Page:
|Red Sox rookie star Jacoby Ellsbury gets hometown hero's welcome|
|Written by Admin|
|Saturday, 17 November 2007 15:52|
``I need a basketball,'' the 24-year-old Ellsbury said before wading into the roaring crowd that filled the gym of Madras High School, where the newly minted big-league star lettered in basketball, football, track and baseball.
``Yeah, but there were never this many people,'' high school teammate Jake Jaca reminded him before a grinning Ellsbury started shaking hands and waving to the crowd of 3,000, many decked out in Red Sox hats and shirts.
Ellsbury, widely believed to be the first Navajo player in major league history, was born and raised in this small farming town in the Oregon high desert. His mother, Marjorie Ellsbury, moved here from her home in Arizona to become a special education teacher for the nearby Confederated Tribes of the Warm Springs.
Here she met Jim Ellsbury, a forester for the U.S. Bureau of Indian Affairs, and they raised four sons, of which Jacoby is the oldest. He is an enrolled member of the Colorado River Indian Tribes in Arizona.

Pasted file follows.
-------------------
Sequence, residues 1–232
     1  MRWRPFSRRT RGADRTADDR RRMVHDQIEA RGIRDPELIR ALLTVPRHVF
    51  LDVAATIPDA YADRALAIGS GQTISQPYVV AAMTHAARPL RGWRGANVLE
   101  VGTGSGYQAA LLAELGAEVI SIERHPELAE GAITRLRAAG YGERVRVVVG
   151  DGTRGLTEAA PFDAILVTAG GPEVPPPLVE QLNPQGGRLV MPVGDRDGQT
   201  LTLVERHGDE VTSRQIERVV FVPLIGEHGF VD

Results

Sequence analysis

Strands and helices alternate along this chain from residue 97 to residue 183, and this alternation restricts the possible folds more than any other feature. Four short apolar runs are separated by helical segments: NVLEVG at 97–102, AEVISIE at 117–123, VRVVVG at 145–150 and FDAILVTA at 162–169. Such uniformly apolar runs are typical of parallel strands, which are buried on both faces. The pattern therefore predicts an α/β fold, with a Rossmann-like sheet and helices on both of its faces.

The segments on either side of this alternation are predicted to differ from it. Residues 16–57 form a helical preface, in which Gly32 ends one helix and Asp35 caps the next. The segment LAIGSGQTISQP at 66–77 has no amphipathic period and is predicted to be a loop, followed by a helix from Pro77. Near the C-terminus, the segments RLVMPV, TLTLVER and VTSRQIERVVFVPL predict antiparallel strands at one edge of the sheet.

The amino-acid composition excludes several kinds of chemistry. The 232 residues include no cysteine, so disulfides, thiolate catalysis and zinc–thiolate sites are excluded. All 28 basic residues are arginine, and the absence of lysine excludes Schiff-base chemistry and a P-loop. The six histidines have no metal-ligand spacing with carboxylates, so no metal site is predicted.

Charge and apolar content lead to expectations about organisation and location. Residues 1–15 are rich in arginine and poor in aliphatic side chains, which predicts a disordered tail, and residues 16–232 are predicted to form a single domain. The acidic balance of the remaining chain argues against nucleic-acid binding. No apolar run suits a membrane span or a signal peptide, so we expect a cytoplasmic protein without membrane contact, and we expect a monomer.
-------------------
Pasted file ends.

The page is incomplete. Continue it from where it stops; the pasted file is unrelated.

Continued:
``I'm really proud of Jacoby, coming out of the Navajo Nation,'' said Ken Man, a member of the Warm Springs tribes who called the radio play-by-play of Ellsbury's high school basketball games. ``He could have been in the NBA, too, he's that good.''
Though the day was rainy, the sun broke out just long enough for Ellsbury to sit on the back deck of a black Corvette convertible for a parade through town, where the sidewalks were packed with cheering fans.
``The parade in Boston was amazing, but this is even better,'' he told the crowd.
Drafted by the Red Sox in the first round in 2005 out of Oregon State University, Ellsbury started 2007 with Double-A Portland, and moved up to Triple-A Pawtucket before being called up to Boston to fill in for injured center fielder Coco Crisp in June.
When slugger Manny Ramirez pulled a muscle in his side in August, Ellsbury took over left field. He hit .353 with three home runs, 18 RBIs and went 9-for-9 in stolen bases in 116 at-bats.
With the Red Sox down three games to one in the American League Championship Series and Crisp slumping, manager Terry Francona put Ellsbury back in, and he helped the Sox win seven straight games, including a World Series sweep of Colorado. During the World Series he collected 16 hits, second only to rookie Dustin Pedroia.